FIG. 6A is a schematic illustration of electrostatic forces utilized in the present invention;

FIG. 6B is a schematic illustration of harmonic oscillations utilized in the present invention;

FIG. 6C is an illustrative graph of phase and impedance versus frequency for an oscillating gate element (in arbitrary units);

FIG. 7 is a block diagram of a waveform sensing valve system according to the invention;

FIG. 8A is a top view of the valve elements that can be utilized in the invention;

FIG. 8B is the bottom view of valve elements of FIG. 8A;

FIG. 9A is a top view of an alternative embodiment of a valve element;

FIG. 9B is a schematic perspective view of the a valve element of FIG. 9A;

FIG. 10A is an illustration of the initial step in forming the valve of FIG. 4A;

FIG. 10B is an illustration of the second step in forming the valve of FIG. 4A;

FIG. 10C is an illustration of the third step in forming the valve of FIG. 4A;

FIG. 10D is an illustration of the fourth step in forming the valve of FIG. 4A;

FIG. 10E is an illustration of the fifth step in forming the valve of FIG. 4A;

FIG. 11A is a schematic perspective view of a tandem valve assembly employing a microfluidic valve array and a conventional pressure-sensitive valve; and

FIG. 11B is a schematic perspective view of another embodiment of a tandem valve assembly employing a microfluidic valve array and a conventional pressure-sensitive valve.

DETAILED DESCRIPTION

FIG. 1 is a schematic view of a shunt valve 10 having a valve body 12, a proximal end 14, a distal end 16, and a power supply and electronic controls 18. The shunt valve comprises a valve assembly 20 with a plurality of deflectable valve elements 22, a connector 24, and associated electrical conduits 26 that serve to couple the valve assembly 20 with the power supply and electrical controls 18. The term “deflectable” and variants thereof as used in this specification is intended to include bending, shifting, swinging, stretching and elastic deformation as well as other forms of physical movement.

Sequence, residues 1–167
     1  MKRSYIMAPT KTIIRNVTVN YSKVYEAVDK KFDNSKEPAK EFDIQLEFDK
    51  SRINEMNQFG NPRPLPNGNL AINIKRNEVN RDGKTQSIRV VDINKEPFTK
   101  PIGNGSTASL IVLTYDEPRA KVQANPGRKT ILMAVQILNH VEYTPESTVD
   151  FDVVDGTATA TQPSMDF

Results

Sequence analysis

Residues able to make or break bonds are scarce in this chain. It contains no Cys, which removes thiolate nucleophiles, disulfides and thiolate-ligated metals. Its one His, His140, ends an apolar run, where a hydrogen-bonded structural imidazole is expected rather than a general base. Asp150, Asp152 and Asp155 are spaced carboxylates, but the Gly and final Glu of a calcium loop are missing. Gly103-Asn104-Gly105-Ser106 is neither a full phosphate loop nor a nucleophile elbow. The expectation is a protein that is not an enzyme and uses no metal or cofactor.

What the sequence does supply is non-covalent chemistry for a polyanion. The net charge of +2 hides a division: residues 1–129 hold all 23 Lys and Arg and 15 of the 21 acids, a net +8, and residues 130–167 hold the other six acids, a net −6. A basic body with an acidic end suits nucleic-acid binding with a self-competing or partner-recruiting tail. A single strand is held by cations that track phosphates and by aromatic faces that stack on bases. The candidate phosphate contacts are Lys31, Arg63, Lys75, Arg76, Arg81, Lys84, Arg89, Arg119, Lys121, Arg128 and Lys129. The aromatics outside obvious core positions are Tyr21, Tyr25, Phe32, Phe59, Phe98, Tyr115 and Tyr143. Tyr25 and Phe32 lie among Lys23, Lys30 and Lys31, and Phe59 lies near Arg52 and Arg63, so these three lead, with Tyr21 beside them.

FIG. 2 a schematic sectional view of the shunt valve. The valve body 12 houses the shunt valve assembly 20 which has a plurality of deflectable valve elements 22. The shunt valve assembly 20 is designed to facilitate the passage of cerebrospinal fluid (CSF) from the proximal end 14 to the distal end 16 when the pressure differential between the ventricle and the distal cavity is greater than a threshold value. More importantly, the valve of the invention allows “fine” control of CSF by operating deflectable valve elements at the same oscillation frequency as the CSF pulsation. This provides a valve with dynamics that are sensitive and which are optimized for CSF pulsation in each individual patient.

FIG. 3 is a schematic perspective view of the shunt valve showing two individual valve elements 22A and 22B disposed within the valve assembly 20. Each valve element 22A has a gate element 30, and a chamber 32 having an outlet hole 34 (shown in phantom). The gate element 30 comprises an electrically conductive upper surface 36A and an electrical lead 38. The valve element 22B has comparable structures to element 22A. A plurality of valve elements provide the valve assembly 20.